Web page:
Fairies. Such a great subject for the child. Whimsical. Fantastical. But are they real?
My granddaughter told me she saw a fairy ring in her backyard. Since her mother is estranged from me I have only seen my granddaughter a couple of times for only minutes since 2011. She had just turned 7 when I was deemed the worst person in the world. And maybe I am, at least from her perception. And everything is perception. I think that is indisputable even if believing in fairies is not concrete but perhaps a philosophical known.
But her comment was so remarkable to me given the only few minutes out of years of our encounter. This unexpected meeting caused by a family event, she was now a few years older and yet the same little girl that spent so much of her early years in a fantastic imaginary world of being at Grandmommy’s House. I told her that if she found fairies to believe it and not let anyone tell her differently. I gave her a quick insight into the mind as I know it and said “all things of the mind are imagination” and in regards to not seeing one another I related the quantum concept of no time. That when we are together it is now and when we are together whenever it will be now. I suggested she live in her own world of imagination and enjoy her life with or without me physically in it but that we would always remain in each other’s hearts.
You must be wondering about the suffering brought about by the estrangement and inability of my oldest daughter to be able to forgive whatever she deems so unforgivable about me. But it is because I imagined early on in the process of letting go of the suffering the Noble Path. The Path where we fully realize that life has causes of suffering but there is a lighted path that once you find it you are on your way to having peace of mind amidst all the chaos of confused minds that bring the wrong actions and cause hearts to break.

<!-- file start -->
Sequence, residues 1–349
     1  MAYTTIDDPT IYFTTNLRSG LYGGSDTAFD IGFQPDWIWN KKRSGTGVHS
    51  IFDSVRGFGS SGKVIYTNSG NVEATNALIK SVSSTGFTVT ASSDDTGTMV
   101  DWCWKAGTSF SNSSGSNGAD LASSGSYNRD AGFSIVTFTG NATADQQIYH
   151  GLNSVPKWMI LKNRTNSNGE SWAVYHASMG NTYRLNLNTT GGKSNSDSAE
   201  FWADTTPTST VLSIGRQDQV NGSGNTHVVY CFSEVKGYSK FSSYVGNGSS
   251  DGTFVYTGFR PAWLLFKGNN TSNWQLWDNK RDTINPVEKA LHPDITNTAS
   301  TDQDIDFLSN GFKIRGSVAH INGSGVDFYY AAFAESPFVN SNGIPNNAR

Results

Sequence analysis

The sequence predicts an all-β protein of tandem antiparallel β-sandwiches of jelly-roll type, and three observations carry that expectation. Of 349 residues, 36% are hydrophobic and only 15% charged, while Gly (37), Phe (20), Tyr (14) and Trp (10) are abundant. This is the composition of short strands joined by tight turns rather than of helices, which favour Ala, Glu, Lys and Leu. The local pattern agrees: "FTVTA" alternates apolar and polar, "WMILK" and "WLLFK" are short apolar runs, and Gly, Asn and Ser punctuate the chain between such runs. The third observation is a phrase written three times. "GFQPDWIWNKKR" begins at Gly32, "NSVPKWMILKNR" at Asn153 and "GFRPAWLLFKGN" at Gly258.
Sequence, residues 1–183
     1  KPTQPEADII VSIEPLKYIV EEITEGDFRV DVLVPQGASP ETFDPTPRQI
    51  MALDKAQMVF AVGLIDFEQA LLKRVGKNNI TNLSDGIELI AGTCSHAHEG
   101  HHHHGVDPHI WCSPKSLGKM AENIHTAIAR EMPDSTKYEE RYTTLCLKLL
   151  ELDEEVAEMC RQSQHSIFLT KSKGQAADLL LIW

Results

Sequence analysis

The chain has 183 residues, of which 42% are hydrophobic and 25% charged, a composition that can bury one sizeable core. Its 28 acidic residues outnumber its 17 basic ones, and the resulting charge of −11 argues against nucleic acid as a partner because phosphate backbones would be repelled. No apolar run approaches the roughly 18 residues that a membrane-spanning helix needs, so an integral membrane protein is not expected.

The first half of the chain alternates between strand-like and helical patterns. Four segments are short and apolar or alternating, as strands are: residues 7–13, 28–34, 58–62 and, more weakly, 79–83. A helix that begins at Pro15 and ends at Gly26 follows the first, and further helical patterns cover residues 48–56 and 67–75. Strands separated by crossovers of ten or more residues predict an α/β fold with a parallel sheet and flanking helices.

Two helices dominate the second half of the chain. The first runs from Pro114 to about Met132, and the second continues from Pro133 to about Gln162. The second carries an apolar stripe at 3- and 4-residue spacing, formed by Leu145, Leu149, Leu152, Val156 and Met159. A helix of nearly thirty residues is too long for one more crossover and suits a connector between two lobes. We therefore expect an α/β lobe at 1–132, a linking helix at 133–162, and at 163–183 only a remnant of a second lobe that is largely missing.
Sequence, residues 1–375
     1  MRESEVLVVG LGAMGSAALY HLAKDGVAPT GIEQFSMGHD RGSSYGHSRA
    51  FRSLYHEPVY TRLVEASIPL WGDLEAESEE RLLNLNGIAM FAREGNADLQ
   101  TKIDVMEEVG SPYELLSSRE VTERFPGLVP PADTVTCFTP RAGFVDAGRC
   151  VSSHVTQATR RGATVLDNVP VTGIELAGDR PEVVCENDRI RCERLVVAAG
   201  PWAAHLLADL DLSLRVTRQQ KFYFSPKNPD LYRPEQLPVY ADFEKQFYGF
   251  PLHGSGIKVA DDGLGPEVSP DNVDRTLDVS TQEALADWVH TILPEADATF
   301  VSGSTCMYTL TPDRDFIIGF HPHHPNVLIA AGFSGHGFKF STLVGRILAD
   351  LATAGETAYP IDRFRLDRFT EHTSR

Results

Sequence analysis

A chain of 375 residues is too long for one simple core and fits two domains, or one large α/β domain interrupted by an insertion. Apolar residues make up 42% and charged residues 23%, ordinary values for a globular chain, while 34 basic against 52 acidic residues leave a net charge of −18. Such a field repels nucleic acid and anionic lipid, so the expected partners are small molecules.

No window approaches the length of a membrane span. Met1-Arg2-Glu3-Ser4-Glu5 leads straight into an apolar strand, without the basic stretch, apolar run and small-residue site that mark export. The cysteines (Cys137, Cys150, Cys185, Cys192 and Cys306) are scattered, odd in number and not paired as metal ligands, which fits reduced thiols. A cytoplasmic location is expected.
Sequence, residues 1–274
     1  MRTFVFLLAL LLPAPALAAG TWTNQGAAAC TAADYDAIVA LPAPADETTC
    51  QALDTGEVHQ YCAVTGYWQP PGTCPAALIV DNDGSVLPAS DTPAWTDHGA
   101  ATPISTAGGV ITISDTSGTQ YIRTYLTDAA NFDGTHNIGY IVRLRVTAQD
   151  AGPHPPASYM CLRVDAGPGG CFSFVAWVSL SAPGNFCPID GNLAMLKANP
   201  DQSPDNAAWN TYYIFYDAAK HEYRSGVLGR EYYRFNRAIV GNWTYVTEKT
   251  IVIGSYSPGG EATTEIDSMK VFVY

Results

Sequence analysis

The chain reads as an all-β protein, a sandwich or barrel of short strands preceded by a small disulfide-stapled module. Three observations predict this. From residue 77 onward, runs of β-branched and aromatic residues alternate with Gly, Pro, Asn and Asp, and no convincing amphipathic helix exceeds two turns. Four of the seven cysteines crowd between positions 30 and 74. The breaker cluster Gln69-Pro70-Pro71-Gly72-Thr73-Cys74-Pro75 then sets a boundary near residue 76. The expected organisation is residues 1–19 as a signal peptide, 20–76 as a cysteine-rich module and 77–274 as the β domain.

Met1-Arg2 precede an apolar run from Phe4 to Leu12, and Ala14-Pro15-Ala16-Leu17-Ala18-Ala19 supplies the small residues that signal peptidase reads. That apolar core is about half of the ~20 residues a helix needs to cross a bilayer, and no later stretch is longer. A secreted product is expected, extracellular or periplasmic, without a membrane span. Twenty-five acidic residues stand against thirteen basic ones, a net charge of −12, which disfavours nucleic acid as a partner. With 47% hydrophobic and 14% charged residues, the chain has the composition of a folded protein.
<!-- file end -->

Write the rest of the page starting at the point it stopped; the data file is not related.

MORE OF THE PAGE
I don’t want anyone to suffer and certainly not my children. So practicing the causes of happiness has been lighting my path as I skip along it like the ephemeral fairy that I know I am.
Many decades ago I was outside in my backyard with the most glorious sunset that lighted everything around me and I thought, “I stand in the midst of golden threads, must be whispering from God.”
So imagine your head is on your pillow. You really want to be asleep so you can wake up and feel refreshed. You want your “catch” to be complete relaxation and deep sleep. When you train your mind like a skilled fisherman, you can quickly throw back the negative and the positive thoughts and nestle into the neutral mind. The sweet vibration of a mind that can rest.
To develop this skill we must first understand that we all have three minds. It is the negative mind that always arises first because it has developed the good habit of protecting you from harm. Like going across the street, the negative mind instructs you to stop, look and listen. One of the first teachings of safety the child learns. But so much negative chatter develops over the years that even when we are safe and comfortable in our bed we are bombarded with thoughts coming from nowhere and going nowhere and they might be coming so rapidly they cause tension and stress instead of sleep.
I had that experience last night, but it was the positive mind that kept biting on the ego mind’s “hook”. The positive mind is the beneficial mind of projection. It is a useful tool that helps us create and manifest but when out of control it can cause unrest and anxiety when trying to sleep.
There are probably as many techniques to falling asleep and entering the neutral mind, a meditative state, as there are types of bait in a fisherman’s bait box. Which is your best bait for understanding how to calm the mind?
I’m asking you to stretch your imagination and “see” that we all have these three mind thought forms and for you to begin to identity the type of thinking that is crossing your mind. This is the first step in learning to meditate and also to fall asleep.
So often a person first learning to meditate will fall asleep! That is why it is good to develop a habit of meditating before bedtime. One way to meditate is to watch the breath. Watching our breath simply means to feel the sensation of the breath as it enters and exits the nostrils. To become aware of a single breath will cause the school of thoughts to swim around the mind and be less likely to take the bait and get hooked; keeping you awake. Because once a thought is on the hook of the mind it takes a skilled meditator to recognize a type of thought, allow it to wiggle about while examining it and then investigate if it is worth your energy and time and then to gently toss it back into the void from which it came. Letting it go.